This shop and I have been together for 23 years. I built it after working out of a garage for two years,. Like all relationships, after awhile we have taken each other for granted. The shop was mine before I was the shop's. Some part of the angst of
difficult, sleep-denying problem jobs has rubbed off on this place, so that at times I haven't liked it at all. There is also this other thing: a deepening sense of attachment. So many pieces have come through here, to be mended, sanded, color matched, finished. And many furniture pieces have had their origin here, taking a shape from ideas, plans, rough boards, plywood. Perhaps it is a growing sense, finally, that I know what I am doing and can relax a little, trusting my experience and the vocational guidance of the holy spirit.

The Sedir bed, stained and finished, will go out at the end of next week, making room for the next collection of broken furniture in need of mending.

Sedir Bed, installed.

Wednesday, July 8, 2009

Rhetorical Theology

August Friedrich Christian Vilmar. I'm reading a book by a 19th Century German theologian entitled THE THEOLOGY OF FACTS VERSUS THE THEOLOGY OF RHETORIC. A little, light, bedside reading for the lay theologian.

According to Vilmar, "theologians of rhetoric" remind him of old BC Greek poets who rather than creating original forms wrote dense, polished, wordy verse. Cicero scorned them. He makes a connection between these "Alexandrian" poets and the rationalistic Christian theology of his own, German nineteenth century. "For more than thirty years authors are no longer read, but read about," he complains. In a rather fascinating chapter called Literature and Exegesis of Holy Scripture, he makes the case that this Alexandrian rhetoric has infected theology, with the result that the gospel is completely lost.
"An exegetical course by rhetorical theologians has the habit of opening a "scientific" discussion in which arguments and counter-arguments are weighted, opinions heard and rejected, views proposed and refuted, and all, or the highest ranking "scientific authorities" are allowed to speak. There is only one authority that does not regularly speak: The Word of God itself..."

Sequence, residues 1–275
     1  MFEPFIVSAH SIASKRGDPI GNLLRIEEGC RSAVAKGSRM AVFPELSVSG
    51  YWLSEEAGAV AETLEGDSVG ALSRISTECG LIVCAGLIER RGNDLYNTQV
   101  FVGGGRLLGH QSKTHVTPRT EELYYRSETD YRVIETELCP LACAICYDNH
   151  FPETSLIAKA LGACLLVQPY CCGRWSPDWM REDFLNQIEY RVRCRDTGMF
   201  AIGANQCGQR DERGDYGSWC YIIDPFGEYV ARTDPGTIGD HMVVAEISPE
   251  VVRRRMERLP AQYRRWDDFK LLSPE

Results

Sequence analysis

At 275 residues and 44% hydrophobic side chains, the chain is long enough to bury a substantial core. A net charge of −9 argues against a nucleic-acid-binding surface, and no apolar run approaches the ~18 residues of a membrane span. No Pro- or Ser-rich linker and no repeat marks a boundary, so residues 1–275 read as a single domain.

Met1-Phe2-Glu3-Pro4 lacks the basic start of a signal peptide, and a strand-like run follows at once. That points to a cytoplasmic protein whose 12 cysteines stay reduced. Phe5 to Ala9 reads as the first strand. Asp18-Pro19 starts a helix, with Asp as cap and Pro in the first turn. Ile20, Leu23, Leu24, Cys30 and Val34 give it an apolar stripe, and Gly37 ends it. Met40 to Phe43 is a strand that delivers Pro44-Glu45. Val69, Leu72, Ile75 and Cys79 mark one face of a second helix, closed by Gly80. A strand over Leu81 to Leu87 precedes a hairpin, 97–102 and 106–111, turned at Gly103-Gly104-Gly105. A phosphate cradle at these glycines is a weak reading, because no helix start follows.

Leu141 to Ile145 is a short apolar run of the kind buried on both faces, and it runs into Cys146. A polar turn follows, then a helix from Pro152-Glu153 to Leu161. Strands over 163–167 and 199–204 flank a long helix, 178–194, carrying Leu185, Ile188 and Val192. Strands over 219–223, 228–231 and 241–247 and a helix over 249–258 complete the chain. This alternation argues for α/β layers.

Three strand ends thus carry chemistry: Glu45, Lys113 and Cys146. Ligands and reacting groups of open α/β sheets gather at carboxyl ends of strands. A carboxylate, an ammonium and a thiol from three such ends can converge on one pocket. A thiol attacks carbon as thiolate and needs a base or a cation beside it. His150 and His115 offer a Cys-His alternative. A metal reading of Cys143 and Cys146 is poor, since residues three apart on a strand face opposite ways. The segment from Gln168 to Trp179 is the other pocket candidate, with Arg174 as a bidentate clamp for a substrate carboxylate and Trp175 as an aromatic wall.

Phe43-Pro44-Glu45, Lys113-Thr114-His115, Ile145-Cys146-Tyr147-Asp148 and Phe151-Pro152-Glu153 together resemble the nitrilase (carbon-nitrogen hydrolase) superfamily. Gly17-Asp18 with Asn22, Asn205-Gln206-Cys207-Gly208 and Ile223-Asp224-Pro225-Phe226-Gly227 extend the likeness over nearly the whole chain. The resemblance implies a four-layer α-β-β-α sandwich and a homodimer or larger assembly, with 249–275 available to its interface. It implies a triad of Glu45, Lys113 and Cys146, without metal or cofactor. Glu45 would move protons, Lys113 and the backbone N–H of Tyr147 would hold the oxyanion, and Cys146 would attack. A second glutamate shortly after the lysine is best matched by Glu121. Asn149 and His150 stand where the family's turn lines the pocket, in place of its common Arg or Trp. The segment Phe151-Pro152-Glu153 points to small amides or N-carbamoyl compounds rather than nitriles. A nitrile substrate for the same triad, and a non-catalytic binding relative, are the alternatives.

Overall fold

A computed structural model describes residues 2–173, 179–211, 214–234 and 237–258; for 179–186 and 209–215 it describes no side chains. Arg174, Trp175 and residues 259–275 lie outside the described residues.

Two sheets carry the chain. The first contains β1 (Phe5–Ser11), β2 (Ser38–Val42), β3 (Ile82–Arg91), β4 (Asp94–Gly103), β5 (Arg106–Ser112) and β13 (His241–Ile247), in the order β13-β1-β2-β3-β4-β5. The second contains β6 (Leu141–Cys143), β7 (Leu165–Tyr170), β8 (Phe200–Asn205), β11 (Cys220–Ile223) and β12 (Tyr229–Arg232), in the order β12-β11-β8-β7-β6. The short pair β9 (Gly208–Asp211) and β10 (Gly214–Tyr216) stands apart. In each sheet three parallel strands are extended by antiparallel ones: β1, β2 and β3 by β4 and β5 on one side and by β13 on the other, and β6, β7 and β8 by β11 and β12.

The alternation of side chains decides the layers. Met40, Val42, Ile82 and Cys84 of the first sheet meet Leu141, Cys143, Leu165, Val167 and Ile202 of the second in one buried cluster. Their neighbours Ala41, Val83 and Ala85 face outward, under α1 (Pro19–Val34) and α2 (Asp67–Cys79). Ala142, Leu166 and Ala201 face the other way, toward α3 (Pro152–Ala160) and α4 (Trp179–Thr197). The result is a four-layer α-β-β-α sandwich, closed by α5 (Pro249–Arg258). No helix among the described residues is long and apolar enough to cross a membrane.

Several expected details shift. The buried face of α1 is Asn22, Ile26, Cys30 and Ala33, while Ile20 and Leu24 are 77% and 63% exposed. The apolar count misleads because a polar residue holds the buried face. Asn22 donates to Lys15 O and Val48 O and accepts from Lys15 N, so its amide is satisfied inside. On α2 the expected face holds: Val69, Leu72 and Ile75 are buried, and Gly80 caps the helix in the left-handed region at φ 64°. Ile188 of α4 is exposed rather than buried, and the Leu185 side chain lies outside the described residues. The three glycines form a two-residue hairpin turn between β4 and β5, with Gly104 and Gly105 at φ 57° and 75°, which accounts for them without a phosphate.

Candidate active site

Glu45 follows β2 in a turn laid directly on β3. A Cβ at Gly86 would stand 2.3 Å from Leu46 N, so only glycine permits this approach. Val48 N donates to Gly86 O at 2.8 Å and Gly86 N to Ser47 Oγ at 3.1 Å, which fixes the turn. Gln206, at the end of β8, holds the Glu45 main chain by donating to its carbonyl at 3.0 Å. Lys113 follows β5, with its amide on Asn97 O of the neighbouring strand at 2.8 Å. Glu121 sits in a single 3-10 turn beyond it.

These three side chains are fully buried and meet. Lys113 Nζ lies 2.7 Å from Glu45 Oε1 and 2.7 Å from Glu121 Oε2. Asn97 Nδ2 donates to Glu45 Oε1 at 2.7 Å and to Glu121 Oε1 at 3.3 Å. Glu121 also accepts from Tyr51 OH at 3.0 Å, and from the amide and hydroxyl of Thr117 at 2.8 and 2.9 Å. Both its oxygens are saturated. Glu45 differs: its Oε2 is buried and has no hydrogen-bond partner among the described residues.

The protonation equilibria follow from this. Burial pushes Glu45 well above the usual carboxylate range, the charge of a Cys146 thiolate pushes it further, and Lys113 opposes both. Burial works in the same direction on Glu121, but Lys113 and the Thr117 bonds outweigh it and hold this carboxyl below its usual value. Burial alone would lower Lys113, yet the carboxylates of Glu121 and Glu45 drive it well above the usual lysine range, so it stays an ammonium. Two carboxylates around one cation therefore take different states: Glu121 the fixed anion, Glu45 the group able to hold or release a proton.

Now it gets interesting:

..."And yet this should be the first task of an exegete, to make it a duty to set as the hearers' first task the reading of portions of Holy Scripture with a gathering and stillness of soul, and again, and again, and yet again, to read it without allowing one human word, not even one's own to interrupt. The divine word gradually takes on life and speech while at the outset it appeared dead, and it begins (in a most unfigurative sense) to speak with us, to us, in us. It shows us that it is not a speech put together from individual words, but rather a divine deed, that it is the Word, at once light and life, from which bright and ever brighter streams fall on every detail..."
A gathering and stillness of soul. Vilmar actually compares the reading of scripture to the reading of really difficult, interesting ancient poetry, that of Pindar and Aristophanes.
"...Let them go to them without all the expositions, commentaries, and scholia. Let them read them seriously through three, four, and more times, despite all the difficulties of language and subject matter...Gradually, the whole product takes on a surprising life and intelligibility, and gives an enjoyment which can be weakened but never strengthened by subsequent use of commentaries...[This] was the source of great joy philologists took in classical antiquity, but Luther in Holy Scripture."
It occurs to me that this deep, innocent, protracted reading of scripture is what is missing today from our church people (me included). There was a time when huge swaths of scripture were committed to memory by children of eleven and younger. It was the basis of much of their education in their early years. Vilmar testifies to his own training, while regreting that at the time of writing this emphasis had been lost:
"The foundation for this secure knowledge of scripture, sound in all its details, was laid in families and schools, but now no longer. The essentials were gained at the university. I call to mind only what we experienced, that all the dicta probantia [Biblical proof texts] in the original Hebrew and Greek text, besides that at least twenty to thirty Psalms, eight to ten chapters from Isaiah, the first three chapters of Genesis, and numerous sections of the New Testament (the Sermon on the Mount, chapters 14-17 from the Gospel of John, Romans 5-8, and other sections) were committed to memory in the original languages."
I'm guessing, but it is likely that the sort of sermon heard by the parishioners in the above cartoon came from the "theology of rhetoric": intellectual word games that manage to entertain without offending "people like us."

Cartoon taken from The New Yorker Album of Drawings, 1925-1975.